by Donna L. Rich
My last speaking engagement was with the Optimists Club, and they asked me to speak on my writing journey. Since they were optimists, I had to tell them about smile no matter what.
When I was a kid, my mother always told me to smile no matter what, and I did just that – even when it hurt.
The Maypole in Franke Park consisted of a steel pole that shot up into the air as high as I could see. On the top of the pole was this little revolving thingy onto which were fastened six chains. A group of three bars were situated crosswise at the bottom of each chain and the bars were set quite high. I remember them being top-of-the-head high.
Children grabbed ahold of one set of bars and began running in a circle. After the speed picked up, the momentum lifted everyone’s feet from the ground into the euphoria of whizzing around that pole in mid-air. But I couldn’t ride it because I was too short.
I visualized the first day I’d ride on it – flying high with the other kids – and before I knew it, I had grown. Summer vacation had come, we trekked to the park, and I headed for the Maypole. On my first try I kept up with all the others as I began my charge around that pole, and gravity lifted my feet up into the air. The next thing I knew, my sweaty hands slipped from the bars, and I skidded about five feet across pea gravel that covered the playground. I tried to smile.
I was in pain, humiliated, and disappointed in myself that I fell. Others mastered it, why couldn’t I? The bad thing was I lived in the day of methylate – that orange stuff in the brown bottle that they said only stung for a little while. My parents took me home, picked out what gravel they could, wiped away the blood, and made a massive sweep of methylate on the backs of both legs from the knees up to the trunk of my body while I tried to remember to smile no matter what.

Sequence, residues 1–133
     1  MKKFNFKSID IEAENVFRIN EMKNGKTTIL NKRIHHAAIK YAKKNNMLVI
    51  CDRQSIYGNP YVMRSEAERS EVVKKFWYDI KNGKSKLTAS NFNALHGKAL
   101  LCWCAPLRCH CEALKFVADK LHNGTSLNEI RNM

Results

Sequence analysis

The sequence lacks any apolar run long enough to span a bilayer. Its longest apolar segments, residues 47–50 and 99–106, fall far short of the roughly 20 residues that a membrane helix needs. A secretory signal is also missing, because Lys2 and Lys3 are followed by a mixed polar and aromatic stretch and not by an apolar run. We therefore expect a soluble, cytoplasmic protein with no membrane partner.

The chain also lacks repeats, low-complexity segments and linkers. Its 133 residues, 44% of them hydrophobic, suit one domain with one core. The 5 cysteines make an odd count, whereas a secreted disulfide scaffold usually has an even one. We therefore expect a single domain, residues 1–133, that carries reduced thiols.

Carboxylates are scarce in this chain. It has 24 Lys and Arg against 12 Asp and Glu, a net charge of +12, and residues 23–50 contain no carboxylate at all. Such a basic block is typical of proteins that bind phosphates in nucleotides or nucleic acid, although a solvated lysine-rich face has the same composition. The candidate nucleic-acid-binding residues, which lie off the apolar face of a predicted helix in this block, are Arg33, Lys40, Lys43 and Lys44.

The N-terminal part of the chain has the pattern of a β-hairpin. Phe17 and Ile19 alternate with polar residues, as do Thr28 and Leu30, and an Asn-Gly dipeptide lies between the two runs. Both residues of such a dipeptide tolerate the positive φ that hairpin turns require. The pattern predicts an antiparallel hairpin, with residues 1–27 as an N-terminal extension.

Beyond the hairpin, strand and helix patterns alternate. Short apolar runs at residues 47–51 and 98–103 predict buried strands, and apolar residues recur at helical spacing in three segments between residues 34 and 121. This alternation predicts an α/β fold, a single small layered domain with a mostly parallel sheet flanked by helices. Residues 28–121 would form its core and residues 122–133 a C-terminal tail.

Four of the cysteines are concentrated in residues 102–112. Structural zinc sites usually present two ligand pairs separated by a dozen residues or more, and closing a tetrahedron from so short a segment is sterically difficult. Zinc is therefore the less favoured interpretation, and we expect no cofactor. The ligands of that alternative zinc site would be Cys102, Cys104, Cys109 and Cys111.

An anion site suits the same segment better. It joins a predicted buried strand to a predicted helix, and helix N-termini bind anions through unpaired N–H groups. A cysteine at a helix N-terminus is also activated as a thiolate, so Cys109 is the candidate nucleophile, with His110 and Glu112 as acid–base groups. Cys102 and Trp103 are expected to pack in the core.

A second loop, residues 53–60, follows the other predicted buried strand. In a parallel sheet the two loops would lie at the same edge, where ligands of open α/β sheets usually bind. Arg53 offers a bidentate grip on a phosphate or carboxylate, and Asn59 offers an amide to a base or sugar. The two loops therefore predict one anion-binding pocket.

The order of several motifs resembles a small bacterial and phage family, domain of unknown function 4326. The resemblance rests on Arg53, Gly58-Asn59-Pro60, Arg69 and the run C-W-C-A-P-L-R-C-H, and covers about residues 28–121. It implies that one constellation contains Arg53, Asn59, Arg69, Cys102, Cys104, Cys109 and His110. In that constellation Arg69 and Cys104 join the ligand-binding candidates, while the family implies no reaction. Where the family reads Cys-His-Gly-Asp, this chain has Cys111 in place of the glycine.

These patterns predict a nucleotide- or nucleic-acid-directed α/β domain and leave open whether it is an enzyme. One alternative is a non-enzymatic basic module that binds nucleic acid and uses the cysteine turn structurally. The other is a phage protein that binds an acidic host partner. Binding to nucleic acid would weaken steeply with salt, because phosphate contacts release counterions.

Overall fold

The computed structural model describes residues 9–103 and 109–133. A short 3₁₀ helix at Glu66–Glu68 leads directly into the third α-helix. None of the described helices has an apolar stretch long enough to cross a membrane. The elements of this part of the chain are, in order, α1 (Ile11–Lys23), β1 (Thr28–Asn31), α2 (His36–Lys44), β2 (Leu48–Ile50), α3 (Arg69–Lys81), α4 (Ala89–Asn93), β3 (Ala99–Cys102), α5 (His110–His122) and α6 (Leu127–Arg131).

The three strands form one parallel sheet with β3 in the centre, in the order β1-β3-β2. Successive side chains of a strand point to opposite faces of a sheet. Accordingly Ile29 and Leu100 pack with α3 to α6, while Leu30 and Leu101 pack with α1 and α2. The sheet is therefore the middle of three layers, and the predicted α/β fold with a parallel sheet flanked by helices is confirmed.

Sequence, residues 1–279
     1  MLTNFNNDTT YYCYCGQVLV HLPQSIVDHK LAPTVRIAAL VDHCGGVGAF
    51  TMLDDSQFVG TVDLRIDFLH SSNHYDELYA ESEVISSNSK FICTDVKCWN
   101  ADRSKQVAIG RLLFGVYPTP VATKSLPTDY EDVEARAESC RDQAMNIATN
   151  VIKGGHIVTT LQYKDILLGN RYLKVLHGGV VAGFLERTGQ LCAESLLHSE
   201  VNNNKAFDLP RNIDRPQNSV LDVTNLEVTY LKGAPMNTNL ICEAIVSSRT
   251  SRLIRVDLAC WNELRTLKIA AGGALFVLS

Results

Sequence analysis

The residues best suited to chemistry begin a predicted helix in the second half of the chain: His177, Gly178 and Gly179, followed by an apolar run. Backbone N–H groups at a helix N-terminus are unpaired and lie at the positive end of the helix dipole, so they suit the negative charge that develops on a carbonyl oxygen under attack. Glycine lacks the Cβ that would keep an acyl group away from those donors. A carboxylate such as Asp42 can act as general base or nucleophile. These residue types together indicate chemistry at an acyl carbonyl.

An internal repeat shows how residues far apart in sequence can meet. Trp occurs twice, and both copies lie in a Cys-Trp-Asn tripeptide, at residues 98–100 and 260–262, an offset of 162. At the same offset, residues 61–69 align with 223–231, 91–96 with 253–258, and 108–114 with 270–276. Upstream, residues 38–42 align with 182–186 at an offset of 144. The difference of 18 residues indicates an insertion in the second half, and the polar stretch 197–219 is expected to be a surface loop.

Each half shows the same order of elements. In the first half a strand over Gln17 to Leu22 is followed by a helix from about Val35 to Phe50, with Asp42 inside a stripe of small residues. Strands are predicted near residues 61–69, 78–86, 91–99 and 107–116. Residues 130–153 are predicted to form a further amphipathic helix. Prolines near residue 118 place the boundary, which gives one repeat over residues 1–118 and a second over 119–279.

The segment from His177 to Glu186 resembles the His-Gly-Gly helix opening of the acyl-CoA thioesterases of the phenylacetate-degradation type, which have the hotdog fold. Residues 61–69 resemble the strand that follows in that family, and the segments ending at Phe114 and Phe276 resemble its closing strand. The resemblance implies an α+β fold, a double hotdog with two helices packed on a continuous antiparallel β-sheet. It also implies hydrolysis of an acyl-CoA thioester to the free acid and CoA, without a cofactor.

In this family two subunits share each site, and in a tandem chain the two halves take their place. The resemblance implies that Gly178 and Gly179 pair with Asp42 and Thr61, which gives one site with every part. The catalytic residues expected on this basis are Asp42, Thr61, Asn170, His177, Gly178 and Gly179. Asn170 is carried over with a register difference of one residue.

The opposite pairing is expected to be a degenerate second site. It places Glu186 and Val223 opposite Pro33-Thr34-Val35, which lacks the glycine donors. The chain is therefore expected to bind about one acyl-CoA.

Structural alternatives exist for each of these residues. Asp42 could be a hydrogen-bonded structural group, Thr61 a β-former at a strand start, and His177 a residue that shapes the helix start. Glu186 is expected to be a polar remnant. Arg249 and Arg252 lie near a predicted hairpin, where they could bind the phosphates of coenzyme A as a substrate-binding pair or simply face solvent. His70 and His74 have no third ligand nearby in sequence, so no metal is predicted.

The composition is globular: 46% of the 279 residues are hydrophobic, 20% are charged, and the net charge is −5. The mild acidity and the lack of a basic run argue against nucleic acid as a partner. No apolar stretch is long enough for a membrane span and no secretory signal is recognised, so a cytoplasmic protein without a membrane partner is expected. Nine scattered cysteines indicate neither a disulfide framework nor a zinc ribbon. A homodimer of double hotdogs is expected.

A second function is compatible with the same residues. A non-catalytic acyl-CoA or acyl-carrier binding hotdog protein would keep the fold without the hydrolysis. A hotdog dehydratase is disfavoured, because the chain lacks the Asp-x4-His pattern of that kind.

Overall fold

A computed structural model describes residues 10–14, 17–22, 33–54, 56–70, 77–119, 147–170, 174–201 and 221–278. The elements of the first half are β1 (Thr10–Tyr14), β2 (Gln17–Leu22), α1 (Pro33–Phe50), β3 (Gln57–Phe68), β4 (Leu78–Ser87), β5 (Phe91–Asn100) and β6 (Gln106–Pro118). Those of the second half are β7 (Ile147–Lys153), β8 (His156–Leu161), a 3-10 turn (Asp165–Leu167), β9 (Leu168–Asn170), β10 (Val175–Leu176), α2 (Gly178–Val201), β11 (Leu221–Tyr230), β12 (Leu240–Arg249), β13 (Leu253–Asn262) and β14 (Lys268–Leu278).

I love writing, but it can be downright painful sliding across that pea gravel of manuscript rejection. It only hurts for a little while. Thank the Lord that the calm healing balm of his Word heals much better than methylate.
It takes more than one time of trying to ride the Maypole of the author’s life. The bar has been set high by many excellent writers. Nevertheless, with a little bit of growing, you may reach or set a higher bar. Remember to allow a little time to heal, but don’t stop trying.
God has infused us with tremendous potential. Sometimes, we’re not quite ready for the Maypole, but we have to keep trying. The potential is there, but we have to keep working at it until our potential is realized. Don’t give up. Your day to fly high is coming.
Colossians 3:23 Whatever you do, work at it with all your heart as working for the Lord, not for men.
Donna L. Rich is a member of ACFW and writes contemporary and historical romance. She and her husband live in Huntington, Indiana, and adore their beautiful blended family of six married children, seventeen grandchildren, and soon to be four great-grandchildren. Her third book, Love for the Right Reasons released in March from Heartsong.